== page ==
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Making it count

SNOW rookies are easy to identify. During the winter of 2011, a Singaporean student was so excited by his first sighting of snow in Pittsburgh, United States, that he immediately rushed outdoors. There was just one problem — he was wearing shorts. Looking back on that experience, Mr Jonathan Yee, 27, an infocomm specialist at the Inland Revenue Authority of Singapore (IRAS), says his choice of clothing almost led to hypothermia. But that was just one of many great experiences he had while pursuing a Bachelor of Science (Computer Science) degree at Carnegie Mellon University (CMU) in Pennsylvania.

Enjoy the journey

Mr Yee, who was awarded the IRAS Undergraduate Scholarship in 2010, says he always had a passion for computers since childhood. After all, he had been playing computer games since the age of five. He also taught himself programming when he was 12 years old, and was a member of the Computer Science Club at Raffles Institution. He followed his passion when choosing his university course, saying the high quality of computer science courses at CMU was a major highlight. He says: “I found the operating systems, distributed systems and machine learning courses most influential. To date, my interests still revolve around these subjects. “Self-directed learning is a critical component of all these classes, but the teaching assistants or professors always offered support when I needed it.” The IRAS Undergraduate Scholarship scheme covered his tuition fees and provided a monthly stipend, which he used for living expenses such as rent, food, transportation and textbooks. An important component of the scholarship scheme was the career guidance provided through mentorship and buddy programmes. One piece of advice from his mentor, Mr Ong Khiaw Hong (then deputy commissioner of Corporate & Services, now chief executive of the Accounting and Corporate Regulatory Authority) — “the important thing is that you are having fun” — made a particularly lasting impression on him. Mr Yee adds that implicit in Mr Ong’s statement was that whether easy or difficult choices were ahead of him, he had to enjoy the path nevertheless. The scholar’s learning experience at CMU required him to change his mindset. Initially, he simply read the provided materials and occasionally asked his friends for help. This approach did not really work in his first semester. “I was not used to approaching my teaching assistants for help on working through some of the problem sets,” he shares. “But I came to see that seeking outside help to learn was not a sign of weakness. I even attended supplementary classes, something I personally would not have done before attending CMU,” he says. He says the projects were “immensely fun and challenging” and that the course material was taught well. Peer support was also a vital factor — his coursemates were so good at computer science that the spirit of friendly competition inspired him to push his own boundaries.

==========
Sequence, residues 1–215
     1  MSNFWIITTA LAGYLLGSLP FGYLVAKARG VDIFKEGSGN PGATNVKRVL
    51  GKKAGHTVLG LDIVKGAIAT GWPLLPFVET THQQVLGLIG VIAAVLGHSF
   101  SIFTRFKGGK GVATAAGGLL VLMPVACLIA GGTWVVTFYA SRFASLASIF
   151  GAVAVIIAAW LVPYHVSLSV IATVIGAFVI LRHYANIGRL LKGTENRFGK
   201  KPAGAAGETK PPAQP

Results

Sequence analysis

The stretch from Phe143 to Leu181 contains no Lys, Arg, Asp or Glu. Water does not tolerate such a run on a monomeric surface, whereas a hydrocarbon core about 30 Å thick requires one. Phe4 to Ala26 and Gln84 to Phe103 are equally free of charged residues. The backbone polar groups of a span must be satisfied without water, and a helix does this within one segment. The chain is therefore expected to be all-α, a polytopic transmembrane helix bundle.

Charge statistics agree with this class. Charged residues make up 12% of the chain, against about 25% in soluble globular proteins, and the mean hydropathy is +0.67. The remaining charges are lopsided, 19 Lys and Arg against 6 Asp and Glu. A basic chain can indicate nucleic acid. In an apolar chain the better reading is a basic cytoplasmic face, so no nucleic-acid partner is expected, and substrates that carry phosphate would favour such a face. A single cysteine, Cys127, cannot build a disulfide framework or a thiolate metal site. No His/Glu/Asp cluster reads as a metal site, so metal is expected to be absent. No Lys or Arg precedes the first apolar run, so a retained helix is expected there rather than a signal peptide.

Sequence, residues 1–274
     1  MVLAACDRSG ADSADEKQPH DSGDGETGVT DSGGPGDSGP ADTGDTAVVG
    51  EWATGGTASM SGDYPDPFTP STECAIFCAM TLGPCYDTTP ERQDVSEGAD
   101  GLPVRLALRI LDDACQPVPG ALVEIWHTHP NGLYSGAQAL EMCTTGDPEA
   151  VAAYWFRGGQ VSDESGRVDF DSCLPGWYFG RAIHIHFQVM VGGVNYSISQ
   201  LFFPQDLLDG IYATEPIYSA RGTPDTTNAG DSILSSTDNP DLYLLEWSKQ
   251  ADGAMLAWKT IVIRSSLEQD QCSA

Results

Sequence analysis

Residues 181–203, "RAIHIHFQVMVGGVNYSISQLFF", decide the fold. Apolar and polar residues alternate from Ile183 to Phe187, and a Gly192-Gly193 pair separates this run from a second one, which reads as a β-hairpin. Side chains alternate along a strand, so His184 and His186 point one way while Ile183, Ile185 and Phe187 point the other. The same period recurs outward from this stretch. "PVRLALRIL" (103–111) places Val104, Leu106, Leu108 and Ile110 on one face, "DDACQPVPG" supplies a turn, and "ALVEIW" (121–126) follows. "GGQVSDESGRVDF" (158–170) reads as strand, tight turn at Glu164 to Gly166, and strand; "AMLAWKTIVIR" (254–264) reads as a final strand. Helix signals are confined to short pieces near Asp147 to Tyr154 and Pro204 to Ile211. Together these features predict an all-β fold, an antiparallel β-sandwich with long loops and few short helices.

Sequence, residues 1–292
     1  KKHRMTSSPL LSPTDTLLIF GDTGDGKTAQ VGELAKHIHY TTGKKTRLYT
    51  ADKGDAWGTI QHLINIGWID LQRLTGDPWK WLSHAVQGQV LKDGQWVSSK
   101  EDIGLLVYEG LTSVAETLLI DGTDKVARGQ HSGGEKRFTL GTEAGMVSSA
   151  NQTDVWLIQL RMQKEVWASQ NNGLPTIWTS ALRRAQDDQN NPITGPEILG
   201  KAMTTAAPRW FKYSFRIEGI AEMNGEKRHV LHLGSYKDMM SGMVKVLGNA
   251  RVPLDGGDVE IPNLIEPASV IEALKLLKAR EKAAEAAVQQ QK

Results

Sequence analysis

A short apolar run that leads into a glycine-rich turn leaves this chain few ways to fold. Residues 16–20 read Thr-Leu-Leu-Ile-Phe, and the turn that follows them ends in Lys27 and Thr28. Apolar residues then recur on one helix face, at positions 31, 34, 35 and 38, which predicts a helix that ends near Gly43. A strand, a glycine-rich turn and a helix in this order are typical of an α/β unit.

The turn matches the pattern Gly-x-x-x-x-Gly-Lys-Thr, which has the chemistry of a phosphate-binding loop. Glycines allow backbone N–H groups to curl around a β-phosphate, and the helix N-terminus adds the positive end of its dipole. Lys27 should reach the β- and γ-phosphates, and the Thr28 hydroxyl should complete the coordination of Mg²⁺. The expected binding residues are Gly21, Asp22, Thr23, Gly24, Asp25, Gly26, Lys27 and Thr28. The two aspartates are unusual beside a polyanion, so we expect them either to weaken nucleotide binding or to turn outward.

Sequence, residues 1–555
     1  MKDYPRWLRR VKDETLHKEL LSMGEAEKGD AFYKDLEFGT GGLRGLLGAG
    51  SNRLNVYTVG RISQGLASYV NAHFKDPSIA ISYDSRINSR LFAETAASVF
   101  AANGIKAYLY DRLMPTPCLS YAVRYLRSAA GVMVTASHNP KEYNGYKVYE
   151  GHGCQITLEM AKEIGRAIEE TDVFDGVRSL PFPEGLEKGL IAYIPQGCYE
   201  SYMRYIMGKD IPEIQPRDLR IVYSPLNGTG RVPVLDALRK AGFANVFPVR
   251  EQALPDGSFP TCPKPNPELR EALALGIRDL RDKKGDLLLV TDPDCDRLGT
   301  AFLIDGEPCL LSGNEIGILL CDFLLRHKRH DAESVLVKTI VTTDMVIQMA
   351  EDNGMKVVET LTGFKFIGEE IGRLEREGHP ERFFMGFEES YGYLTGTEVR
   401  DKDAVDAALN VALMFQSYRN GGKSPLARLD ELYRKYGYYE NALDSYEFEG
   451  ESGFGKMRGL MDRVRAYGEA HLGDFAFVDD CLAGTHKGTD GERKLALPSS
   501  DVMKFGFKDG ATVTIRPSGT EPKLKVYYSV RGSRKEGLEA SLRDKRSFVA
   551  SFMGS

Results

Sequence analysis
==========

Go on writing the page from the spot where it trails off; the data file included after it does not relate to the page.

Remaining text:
Lessons learnt

Mr Yee recommends the undergraduate scholarship scheme to aspiring scholars. For one thing, he feels that IRAS took good care of him when he was a student. “I was allowed to do an internship with an American technology company during my summer vacation. I also spent a semester abroad in Japan learning about its language, culture, literature and religion,” he says. One fond memory the scholar has of his time in Pittsburgh was receiving an IRAS care package every winter, with laksa and chicken rice packets among the contents. Apart from this taste of home, he cherishes all that he has learnt — from his degree course to his career at IRAS. Mr Yee says that one of the most important lessons he took away from his operating systems syllabus was that there is no single correct answer. Instead of trying to choose the “correct” response, it was wiser to pick the one with the “right compromises”, by taking into account the benefits and trade-offs of each option. “This approach sums up how decision-making works in IRAS. Being trained to think in this manner has helped me to see why decisions were made and justify my own decisions more easily to the management,” he adds. Mr Yee appreciates that IRAS is constantly forward-looking in its application of technology to the tax collection process. He is also proud to state that it is one of the first tax administrations in the world that allows the filing of income tax via the Internet. Exploring the many areas of information technology has helped Mr Yee to understand not just the theory behind these computer science fields, but also how they might be applied to IRAS as it expands its methods of engagement.